If Watercolor Doesn't Kill You It Will Make You Stronger- Part 1 Winslow Homer

Winslow Homer 1836-1910

Next month I've been asked to deliver a slide talk at the annual dinner of the Baltimore Watercolor Society. My title for the talk is a little tongue-in-cheek, but it's an acknowledgement that watercolor can be the trickiest of painting media. But my big point will be that seeing the work of some previous masters of this delicate medium teaches how to enjoy our eyes on a deeper more satisfying level. 

Three of the most important American watercolorists are Winslow Homer, Edward Hopper and Charles Burchfield.

Let's start with Winslow Homer, who is photographed above wearing a natty three-piece suit that I bet he never wore to paint in. 

Homer's watercolor Stowing Sail, (1903, Art Institute of Chicago) was the first painting I ever saw. My parents had a framed print of it hanging over our sofa. I distinctly remember as a 3 year old connoisseur I used to lie on the carpet and study it. I figured it wasn't very good. 

Obviously, I thought, if Homer was a better artist he would have managed to paint in more of the missing details. What my young eyes missed was that Homer was using the watercolor medium with  broad and straightforward strokes intentionally. That's a kind of handling that the medium encourages. Watercolor was helping him practice the art of distilling his idea down to essentials.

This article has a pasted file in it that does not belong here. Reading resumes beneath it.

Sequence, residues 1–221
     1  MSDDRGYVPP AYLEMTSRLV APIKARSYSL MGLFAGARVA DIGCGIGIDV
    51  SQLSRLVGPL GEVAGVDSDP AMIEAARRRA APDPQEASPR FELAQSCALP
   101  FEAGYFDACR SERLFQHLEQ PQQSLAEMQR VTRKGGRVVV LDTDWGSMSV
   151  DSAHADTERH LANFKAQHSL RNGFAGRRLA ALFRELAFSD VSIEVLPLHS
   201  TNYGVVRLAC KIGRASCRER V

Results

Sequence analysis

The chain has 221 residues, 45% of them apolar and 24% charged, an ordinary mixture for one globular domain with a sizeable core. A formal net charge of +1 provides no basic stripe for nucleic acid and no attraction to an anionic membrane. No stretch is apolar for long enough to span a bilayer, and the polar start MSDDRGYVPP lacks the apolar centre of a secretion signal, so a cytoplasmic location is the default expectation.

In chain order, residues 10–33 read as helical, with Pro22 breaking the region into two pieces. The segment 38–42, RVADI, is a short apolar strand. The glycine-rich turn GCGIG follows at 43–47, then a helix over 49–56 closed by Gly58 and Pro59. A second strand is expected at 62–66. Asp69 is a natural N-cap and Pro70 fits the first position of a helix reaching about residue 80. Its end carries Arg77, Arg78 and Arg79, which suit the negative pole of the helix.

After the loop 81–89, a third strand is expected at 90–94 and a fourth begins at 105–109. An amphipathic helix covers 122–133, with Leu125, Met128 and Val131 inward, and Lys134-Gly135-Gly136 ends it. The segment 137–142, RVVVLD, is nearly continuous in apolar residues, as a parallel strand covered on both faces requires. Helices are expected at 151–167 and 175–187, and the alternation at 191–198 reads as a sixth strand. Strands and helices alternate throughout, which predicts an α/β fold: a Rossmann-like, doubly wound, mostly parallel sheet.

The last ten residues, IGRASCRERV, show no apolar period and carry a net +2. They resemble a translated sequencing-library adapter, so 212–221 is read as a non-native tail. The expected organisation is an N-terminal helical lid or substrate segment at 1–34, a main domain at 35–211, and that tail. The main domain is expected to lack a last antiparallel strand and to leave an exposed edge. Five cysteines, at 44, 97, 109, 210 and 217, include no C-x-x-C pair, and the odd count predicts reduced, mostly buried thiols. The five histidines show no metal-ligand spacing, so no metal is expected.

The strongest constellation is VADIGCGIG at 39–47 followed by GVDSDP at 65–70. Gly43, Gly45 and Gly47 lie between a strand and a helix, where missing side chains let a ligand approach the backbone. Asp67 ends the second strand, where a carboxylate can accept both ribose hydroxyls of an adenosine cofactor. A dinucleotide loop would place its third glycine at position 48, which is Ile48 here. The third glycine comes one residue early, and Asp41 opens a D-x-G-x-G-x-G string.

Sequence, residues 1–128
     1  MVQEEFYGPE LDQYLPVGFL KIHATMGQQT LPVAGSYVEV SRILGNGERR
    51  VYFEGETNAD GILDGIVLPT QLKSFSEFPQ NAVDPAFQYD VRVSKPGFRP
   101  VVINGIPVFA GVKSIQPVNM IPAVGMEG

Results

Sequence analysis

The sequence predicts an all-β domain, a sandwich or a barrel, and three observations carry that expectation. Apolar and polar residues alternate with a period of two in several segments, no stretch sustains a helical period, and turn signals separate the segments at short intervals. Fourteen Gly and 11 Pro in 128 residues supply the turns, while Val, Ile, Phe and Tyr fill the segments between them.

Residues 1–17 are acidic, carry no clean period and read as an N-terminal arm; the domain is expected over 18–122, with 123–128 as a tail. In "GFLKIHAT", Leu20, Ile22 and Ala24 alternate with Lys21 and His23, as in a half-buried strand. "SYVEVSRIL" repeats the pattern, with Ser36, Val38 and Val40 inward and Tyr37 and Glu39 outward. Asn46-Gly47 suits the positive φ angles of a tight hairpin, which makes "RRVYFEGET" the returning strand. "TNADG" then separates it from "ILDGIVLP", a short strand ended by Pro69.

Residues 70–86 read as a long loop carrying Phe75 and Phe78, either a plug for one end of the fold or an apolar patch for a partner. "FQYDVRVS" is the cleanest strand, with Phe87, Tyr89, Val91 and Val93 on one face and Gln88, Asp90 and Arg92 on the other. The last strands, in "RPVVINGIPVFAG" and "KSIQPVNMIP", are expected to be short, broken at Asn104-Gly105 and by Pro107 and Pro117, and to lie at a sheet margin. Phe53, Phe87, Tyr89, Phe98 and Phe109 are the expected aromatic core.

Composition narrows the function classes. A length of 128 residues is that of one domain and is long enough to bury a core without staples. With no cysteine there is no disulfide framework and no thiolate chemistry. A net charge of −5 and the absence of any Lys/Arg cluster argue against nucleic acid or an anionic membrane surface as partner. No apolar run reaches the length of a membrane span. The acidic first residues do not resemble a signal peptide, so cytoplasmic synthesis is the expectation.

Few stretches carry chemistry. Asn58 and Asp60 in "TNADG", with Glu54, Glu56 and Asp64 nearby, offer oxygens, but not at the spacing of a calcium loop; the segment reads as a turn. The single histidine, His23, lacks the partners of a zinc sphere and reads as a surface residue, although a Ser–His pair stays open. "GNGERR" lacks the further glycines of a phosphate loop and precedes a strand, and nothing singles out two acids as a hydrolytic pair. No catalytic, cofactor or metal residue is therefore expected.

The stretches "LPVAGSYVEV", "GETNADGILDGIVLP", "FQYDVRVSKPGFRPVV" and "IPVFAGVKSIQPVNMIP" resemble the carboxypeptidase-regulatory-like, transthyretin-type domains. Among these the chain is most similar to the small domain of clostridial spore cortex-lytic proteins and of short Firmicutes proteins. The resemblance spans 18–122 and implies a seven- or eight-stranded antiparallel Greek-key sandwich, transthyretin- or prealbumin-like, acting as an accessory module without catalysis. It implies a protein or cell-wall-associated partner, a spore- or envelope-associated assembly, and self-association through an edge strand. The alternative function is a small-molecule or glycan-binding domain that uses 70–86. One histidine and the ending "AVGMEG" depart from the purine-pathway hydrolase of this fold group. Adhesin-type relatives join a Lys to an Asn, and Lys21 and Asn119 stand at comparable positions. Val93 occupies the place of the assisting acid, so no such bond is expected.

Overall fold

Here's Homer's Girl with Daisies. Even when doing the most stereotypical subject matter there's always something unexpected the artist can pull out for us. Here the artist avoids a too-ordinary presentation with a forcefully asymmetrical field, crowding all but a handful of his white blossoms into just one tightly-packed corner.

Homer was said to have advised other artists to never paint a blue sky. In his watercolor Rowing Home below he seems to take that suggestion to the water's surface as well.

Homer's watercolor Old Friends below reminds us painters to pay as much attention to what is next to our main forms. Here he makes
the tree trunk feel massive by pushing it forward with empty white areas of sky. 

Finally let's return to Stowing Sail. 

It's a masterpiece of curving rhythms that flow through the hull of both the rowboat and the big sloop. They're easier to see with the image upside-down. 

In the middle of these curves the ship's mast leans dramatically to the right. Homer gets his sailor to lean just the same angle, drawing him more tightly into a visual conversation with the rigging.

He does the same with the oar the sailor has put aside, mimicking  the angle of the ship's wooden boom at the top  of the detail below.

Winslow Homer left us over a hundred years ago. But more than any other 19th century American watercolorist, his work still speaks to us with forceful emotion. He realized studying the artists that had gone before him could make him a better artist. His paintings are the gift he left us that make us better as well.


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